Sarah Bowmar here with answers to one of your most frequently asked questions! Today, the question I’m addressing is: “If I am trying to lose weight, should I just do cardio until I get to my goal weight and then start lifting weights? I don’t want to start lifting weights and then build muscle over my fat.”
The truth is, a lot of different factors go into weight loss and healthy living. Here are a few facts that may help you in your journey:
1: Do not let your goals be defined by the scale. Instead, focus on your body fat percentage, because that’s what matters. Let’s say you’re 130lbs, and you choose to just do cardio and diet to get to your “goal weight.” Then, you start lifting weights. What will happen? YOU WILL GAIN WEIGHT BECAUSE YOU ARE GAINING MUSCLE. In 5 months you might be up to 135. So, then what? Now you’re stuck in this perpetual cycle of trying to lose more weight to get to some magical number that has no meaning whatsoever.
2: Weight loss comes from being in a caloric deficit. This means eating less and moving more while still remaining above your BMR. Understand that you burn calories all day long, not just on the treadmill. Weight lifting burns calories. Digesting food burns calories. Sleep burns calories. All this calorie-burning adds up and shows you don’t have to burn yourself out with cardio to be in a caloric deficit.
3: Your BMR (basal metabolic rate) makes up roughly 60-70% of your total calories burned per day. That means your ACTIVITY aka your cardio and training only makes up 30-40%. Less than HALF of your total calories burned per day actually comes from training. So, the best way to lose body fat is to increase your BMR, right? Right.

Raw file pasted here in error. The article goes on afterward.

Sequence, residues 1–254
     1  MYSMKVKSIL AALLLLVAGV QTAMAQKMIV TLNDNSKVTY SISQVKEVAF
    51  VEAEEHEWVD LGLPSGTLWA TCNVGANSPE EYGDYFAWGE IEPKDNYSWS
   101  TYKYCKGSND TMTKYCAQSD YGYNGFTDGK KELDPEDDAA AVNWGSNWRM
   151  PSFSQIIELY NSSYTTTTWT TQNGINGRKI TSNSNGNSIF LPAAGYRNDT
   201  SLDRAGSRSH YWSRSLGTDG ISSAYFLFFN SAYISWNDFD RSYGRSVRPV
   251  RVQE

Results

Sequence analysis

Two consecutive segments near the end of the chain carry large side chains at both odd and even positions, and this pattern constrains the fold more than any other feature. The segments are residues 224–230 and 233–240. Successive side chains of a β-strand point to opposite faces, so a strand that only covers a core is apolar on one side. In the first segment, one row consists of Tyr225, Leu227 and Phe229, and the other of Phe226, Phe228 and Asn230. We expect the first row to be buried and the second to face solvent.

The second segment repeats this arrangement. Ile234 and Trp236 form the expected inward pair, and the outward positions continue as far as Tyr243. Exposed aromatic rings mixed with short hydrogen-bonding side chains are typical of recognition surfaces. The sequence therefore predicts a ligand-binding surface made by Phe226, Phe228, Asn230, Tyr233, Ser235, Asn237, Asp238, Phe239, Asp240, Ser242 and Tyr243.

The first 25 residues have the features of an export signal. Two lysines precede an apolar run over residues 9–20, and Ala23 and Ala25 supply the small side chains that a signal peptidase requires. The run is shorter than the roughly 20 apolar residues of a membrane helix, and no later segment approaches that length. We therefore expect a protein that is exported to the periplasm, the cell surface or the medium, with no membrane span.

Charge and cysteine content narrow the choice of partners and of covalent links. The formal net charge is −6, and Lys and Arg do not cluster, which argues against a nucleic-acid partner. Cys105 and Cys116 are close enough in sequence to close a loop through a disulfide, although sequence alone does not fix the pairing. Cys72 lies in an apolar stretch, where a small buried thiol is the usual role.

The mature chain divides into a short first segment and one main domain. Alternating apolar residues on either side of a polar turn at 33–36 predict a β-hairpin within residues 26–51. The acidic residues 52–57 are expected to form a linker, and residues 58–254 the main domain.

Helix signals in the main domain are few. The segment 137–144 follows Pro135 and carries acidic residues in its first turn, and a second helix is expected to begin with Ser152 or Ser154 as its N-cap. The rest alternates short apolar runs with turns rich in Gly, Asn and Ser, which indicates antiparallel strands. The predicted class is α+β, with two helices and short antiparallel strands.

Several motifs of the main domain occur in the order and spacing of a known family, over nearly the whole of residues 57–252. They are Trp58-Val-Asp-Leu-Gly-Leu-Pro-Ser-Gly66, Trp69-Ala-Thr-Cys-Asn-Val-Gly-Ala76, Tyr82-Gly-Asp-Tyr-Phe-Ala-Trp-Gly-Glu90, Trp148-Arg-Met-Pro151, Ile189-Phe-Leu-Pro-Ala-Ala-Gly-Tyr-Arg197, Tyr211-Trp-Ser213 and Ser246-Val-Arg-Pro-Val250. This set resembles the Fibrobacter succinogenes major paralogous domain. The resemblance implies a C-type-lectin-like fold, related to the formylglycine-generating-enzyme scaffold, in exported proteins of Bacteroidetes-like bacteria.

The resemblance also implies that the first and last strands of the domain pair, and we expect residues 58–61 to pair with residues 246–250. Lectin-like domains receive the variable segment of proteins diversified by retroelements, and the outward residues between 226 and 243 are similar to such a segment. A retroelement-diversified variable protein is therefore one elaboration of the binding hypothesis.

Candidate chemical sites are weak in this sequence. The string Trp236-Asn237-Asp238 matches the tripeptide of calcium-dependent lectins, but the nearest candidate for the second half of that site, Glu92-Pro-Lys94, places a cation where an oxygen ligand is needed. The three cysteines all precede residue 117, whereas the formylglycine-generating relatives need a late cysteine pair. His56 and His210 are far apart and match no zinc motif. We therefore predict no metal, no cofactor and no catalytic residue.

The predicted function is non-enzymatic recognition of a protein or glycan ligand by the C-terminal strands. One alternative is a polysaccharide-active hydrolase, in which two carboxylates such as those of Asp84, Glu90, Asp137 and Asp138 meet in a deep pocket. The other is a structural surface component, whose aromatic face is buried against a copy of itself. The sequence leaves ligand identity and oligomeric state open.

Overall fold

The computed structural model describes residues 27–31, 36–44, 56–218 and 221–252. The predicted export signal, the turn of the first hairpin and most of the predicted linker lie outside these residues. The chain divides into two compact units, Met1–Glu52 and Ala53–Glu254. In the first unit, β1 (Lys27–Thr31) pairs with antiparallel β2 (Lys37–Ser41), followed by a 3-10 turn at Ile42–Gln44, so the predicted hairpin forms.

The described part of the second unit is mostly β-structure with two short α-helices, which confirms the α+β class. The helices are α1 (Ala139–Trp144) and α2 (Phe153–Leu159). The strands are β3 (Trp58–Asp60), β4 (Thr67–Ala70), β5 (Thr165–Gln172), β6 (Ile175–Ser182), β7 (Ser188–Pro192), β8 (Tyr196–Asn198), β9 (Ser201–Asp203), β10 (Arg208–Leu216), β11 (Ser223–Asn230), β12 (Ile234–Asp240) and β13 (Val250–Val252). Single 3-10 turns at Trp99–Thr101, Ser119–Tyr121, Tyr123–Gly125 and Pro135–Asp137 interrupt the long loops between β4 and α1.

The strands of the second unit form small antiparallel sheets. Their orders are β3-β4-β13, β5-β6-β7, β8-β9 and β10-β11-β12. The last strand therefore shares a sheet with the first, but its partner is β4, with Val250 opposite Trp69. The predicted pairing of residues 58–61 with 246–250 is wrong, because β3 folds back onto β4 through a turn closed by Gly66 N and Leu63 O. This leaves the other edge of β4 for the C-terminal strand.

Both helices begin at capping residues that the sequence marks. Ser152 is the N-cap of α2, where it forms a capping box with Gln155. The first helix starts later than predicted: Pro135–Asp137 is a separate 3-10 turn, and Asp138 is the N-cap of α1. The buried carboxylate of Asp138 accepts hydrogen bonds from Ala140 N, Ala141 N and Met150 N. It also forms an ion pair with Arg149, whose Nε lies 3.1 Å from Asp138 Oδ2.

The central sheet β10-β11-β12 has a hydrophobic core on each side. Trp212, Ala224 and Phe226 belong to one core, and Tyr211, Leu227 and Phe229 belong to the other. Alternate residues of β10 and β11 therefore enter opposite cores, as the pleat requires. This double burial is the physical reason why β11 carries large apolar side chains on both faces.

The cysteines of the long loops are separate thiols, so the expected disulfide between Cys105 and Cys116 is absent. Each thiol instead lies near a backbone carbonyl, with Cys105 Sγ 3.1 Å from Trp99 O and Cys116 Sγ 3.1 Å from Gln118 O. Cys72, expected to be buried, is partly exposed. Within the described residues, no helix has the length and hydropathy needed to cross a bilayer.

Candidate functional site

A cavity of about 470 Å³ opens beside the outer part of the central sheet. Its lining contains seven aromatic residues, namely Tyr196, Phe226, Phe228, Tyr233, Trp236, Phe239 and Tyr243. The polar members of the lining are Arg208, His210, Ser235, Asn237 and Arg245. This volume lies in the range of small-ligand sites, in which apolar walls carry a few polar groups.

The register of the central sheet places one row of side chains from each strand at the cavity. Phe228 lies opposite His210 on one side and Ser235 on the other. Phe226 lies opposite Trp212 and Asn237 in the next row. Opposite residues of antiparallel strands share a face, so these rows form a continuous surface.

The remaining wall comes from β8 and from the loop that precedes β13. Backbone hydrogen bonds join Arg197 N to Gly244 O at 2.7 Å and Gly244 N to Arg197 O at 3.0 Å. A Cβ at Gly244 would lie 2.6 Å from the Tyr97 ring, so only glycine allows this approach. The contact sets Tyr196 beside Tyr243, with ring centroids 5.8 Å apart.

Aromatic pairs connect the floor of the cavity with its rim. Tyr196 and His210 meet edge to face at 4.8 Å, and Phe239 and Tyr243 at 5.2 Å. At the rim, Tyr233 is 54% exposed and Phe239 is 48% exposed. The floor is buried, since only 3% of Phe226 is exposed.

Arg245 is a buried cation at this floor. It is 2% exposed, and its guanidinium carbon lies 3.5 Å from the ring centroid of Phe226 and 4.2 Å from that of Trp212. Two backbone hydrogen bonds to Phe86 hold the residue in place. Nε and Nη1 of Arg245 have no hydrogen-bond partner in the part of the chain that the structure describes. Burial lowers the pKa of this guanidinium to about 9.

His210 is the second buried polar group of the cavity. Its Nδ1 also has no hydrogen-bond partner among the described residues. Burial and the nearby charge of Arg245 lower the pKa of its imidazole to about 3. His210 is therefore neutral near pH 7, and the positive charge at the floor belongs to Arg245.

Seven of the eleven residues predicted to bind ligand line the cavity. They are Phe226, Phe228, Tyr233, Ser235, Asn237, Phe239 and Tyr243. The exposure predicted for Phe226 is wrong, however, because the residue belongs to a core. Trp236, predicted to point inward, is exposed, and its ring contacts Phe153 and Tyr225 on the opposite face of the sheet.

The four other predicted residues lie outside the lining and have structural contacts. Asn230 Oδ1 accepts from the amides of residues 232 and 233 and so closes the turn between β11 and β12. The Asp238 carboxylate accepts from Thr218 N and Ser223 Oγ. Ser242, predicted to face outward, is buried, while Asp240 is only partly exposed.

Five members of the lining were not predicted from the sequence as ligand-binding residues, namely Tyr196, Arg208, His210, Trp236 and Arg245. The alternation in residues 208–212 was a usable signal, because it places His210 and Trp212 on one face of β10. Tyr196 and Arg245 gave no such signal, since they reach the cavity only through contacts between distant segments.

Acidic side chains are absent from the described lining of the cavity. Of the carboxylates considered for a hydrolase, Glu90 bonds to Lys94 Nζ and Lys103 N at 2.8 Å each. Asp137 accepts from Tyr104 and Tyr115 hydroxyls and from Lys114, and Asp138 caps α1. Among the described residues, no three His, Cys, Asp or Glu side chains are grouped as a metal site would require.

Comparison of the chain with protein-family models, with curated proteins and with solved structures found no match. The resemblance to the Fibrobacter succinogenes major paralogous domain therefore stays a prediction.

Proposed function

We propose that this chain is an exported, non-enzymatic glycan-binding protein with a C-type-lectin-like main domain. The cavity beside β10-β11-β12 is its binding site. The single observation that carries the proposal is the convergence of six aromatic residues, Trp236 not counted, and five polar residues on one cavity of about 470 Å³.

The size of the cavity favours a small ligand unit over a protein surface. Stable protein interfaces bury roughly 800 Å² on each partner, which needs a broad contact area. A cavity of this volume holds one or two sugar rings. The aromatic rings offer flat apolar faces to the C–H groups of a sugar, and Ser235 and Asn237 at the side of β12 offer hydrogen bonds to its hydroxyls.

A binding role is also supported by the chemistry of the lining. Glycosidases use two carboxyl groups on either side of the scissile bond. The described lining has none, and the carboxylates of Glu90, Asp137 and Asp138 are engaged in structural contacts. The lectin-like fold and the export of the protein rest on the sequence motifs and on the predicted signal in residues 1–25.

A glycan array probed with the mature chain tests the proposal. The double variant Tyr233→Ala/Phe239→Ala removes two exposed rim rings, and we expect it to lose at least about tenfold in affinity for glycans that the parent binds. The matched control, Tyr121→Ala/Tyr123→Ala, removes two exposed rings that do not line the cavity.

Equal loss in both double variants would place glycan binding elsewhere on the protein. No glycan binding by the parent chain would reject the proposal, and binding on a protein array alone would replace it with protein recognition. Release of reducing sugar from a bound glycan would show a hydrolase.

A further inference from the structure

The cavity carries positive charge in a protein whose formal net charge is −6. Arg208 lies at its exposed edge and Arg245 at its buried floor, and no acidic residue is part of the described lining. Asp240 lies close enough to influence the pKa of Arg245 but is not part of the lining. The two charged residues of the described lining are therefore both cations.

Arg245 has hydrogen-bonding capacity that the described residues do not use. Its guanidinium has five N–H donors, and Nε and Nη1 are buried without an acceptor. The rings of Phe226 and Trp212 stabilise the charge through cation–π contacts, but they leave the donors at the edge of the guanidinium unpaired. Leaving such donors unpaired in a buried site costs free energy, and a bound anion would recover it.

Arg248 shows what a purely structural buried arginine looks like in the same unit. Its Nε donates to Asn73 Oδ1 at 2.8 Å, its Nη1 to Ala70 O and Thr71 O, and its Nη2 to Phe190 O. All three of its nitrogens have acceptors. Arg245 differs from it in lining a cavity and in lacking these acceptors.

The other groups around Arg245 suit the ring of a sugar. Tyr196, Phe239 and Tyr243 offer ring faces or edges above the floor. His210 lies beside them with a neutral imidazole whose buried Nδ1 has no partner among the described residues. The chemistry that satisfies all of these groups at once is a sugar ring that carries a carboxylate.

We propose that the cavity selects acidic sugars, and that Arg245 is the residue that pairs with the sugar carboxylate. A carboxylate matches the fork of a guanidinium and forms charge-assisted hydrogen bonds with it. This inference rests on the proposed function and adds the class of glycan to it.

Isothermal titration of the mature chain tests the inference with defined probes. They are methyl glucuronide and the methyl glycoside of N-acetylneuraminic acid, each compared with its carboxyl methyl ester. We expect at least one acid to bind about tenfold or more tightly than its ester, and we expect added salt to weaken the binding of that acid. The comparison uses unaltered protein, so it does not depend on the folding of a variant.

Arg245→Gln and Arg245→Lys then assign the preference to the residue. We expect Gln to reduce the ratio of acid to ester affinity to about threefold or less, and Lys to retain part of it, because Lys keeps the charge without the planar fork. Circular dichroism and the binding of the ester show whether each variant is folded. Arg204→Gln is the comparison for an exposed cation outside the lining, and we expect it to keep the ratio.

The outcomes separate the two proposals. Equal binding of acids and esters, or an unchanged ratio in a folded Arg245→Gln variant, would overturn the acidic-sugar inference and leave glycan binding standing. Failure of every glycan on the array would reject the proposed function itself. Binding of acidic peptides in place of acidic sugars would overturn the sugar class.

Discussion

4: Increasing your BMR comes from increasing muscle mass. More muscle = more energy needed to move those muscles = more calories burned = more weight loss! Cardio alone WILL NOT increase your BMR.
5: Don’t get me wrong, cardio is important. But BOTH weight training and cardio should be incorporated along with a healthy diet when trying to lose body fat. If you’re worried you’ll “build muscle over fat,” don’t be. That’s not how the human body works. It’s not like you’re placing something permanent over your fat cells that keeps your fat cells from shrinking because you’re lifting weight.
6: Take your focus off the scale. Instead, measure your progress by your body fat percentage, take comparison photos every 2 weeks, take measurements, and pay attention to how your clothes feel.
In short, don’t be afraid to lift weights.
- Sarah Bowmar
If you need a training program, check out options from Sarah Bowmar and Josh Bowmar at bowmarfitness.com!
For more answers to your weight loss, nutrition, and healthy living questions, check out more articles from Sarah Bowmar at sarahbowmar.com.